As most people are aware the Communist Party of China governs China, and as part of this regime “The Great Firewall of China” heavily censors the Internet in China. In terms of social media, this firewall has entirely blocked any web 2.0 site that originates outside of China and simultaneously the Chinese government has managed to clone each site for its country’s use. As Michael Anti states in his TEDGlobal talk, “On the one hand, he wants to satisfy people’s need of a social network, which is very important; people really love social networking. But on the other hand, they want to keep the server in Beijing so they can access the data any time they want”.
Sina Weibo is the clone of Twitter and was founded just one month after Twitter was blocked in China, and just like Twitter it has become the newest media platform enabling people to interact with eachother in a public sphere (Anti 2012). If it hasn’t been on Weibo than it hasn’t happened. However there are some limitations to this given that the government monitors and censors content on Weibo, which is achieved in many ways. The first was the attempt to fully implement of the ‘real name’ policy in March 2012, which requires users to put in their full name, phone number and identification number and enables the government better control over what people say due to being able to track them down easier (Robertson 2012, Ghedin 2013). When I signed up to Sina Weibo I was also required to put in my phone number, however due to my name being English I was suggested names that contained Chinese characters, of which I chose Melissa精彩, which means ‘Melissa Wonderful’ in English, implying that I somewhat bypassed the ‘real name’ policy because of my English name. I was still able to sign up without an I.D number, implying that the strength of the ‘real name’ policy is still rather weak. Interestingly, Facebook has also now implemented a ‘real name’ policy, however it only succeeded to discriminate against those in the LGBT community (Montgomery 2014).
The second way that the Chinese government and Sina Weibo have restricted the free speech of its users is through introducing a ‘user contract’ in May 2012 that runs on a points system (Russell 2012). As a user I was given 80 points when I signed up, and have a maximum of 100 points according to Russell, which will be retracted for bad behaviour, and once you have reached 0 points your account will be deleted. Upon finding out about what the points system was for, I tried to search for the user contract, but I was unable to find it. Instead I have found a translated version to read here. My inability to find it may have been due to my language barrier, either I was given the option to read it and didn’t realise or it does not appear on the translated page. The user contract contains several clauses, many of which restrict what can be posted on Sina Weibo, although Michael Anti points out that Chinese users have found ways around this by using memes, puns and humour, which would explain why in my experience of my home page that most things trending seem to appear to be jokes or humour. http://blockedonweibo.tumblr.com is a Tumblr page that has been developed to track what is blocked on the site for a Western audience.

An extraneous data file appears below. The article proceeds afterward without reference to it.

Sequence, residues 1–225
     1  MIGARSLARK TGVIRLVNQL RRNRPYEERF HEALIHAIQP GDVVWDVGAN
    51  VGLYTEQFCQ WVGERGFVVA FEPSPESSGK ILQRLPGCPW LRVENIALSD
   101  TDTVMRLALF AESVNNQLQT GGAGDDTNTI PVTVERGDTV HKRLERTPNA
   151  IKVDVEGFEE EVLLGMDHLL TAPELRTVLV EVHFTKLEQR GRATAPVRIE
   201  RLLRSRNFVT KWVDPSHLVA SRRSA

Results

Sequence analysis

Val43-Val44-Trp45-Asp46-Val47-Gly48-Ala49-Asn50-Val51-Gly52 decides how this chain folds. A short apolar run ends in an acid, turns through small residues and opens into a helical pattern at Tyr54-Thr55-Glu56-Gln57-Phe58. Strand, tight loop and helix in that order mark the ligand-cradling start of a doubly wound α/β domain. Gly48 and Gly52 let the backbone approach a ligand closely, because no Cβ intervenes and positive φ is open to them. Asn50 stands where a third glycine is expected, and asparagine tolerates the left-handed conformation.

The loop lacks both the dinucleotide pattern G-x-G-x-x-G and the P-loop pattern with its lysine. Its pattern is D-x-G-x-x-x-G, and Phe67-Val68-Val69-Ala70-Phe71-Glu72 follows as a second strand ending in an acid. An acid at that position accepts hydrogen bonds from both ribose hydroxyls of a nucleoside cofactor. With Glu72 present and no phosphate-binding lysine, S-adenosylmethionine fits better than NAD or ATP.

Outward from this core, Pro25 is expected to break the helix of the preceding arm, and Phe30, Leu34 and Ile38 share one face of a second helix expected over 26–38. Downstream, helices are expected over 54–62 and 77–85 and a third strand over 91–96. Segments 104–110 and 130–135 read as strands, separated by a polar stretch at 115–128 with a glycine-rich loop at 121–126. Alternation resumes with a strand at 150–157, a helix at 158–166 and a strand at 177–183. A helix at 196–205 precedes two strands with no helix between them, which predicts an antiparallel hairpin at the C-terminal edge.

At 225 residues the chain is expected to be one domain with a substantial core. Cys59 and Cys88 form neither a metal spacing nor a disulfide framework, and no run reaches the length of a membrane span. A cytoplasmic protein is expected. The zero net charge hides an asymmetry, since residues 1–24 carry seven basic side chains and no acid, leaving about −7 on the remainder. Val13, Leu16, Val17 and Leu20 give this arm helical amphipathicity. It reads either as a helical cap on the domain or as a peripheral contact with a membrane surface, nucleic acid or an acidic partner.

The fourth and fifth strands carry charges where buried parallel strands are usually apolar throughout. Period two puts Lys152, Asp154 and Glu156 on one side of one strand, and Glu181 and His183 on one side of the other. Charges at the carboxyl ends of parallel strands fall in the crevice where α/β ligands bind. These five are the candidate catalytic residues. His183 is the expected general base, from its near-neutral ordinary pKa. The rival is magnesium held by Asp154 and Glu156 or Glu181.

Anti, 2012, Behind The Great Firewall of China, online video, June, TED Talks, viewed 5/10/14, <https://www.ted.com/talks/michael_anti_behind_the_great_firewall_of_china>
Ghedin, G, 2013, Understanding Sina Weibo: Hashtags, VIP Hastags and More, Digital In The Round, article, 4 July, viewed 6/10/14, http://www.digitalintheround.com/sina-weibo-hashtags-vips/
Montgomery, K, 2014, ‘Facebook Apologizes For Discriminatory “Real Name” Policy’, Valleywag, 10 January, viewed 6/10/14, http://valleywag.gawker.com/sources-facebook-to-apologize-for-discriminatory-real-1641078942
Robertson, A, 2012, ‘Sina Weibo users near March 16th deadline to verify identity’The Verge, 12 March, viewed 6/10/14, http://www.theverge.com/2012/3/12/2865317/sina-weibo-beijing-government-verify-account-identity-deadline
Russell, J, 2012, ‘Sina Weibo to introduce ‘user contract’ on May 28 as China’s microblog crackdown continues [Updated]’, TNW, 9 May, viewed 6/10/14, http://thenextweb.com/asia/2012/05/09/sina-weibo-to-introduce-user-contract-on-may-28-as-chinas-microblog-crackdown-continues/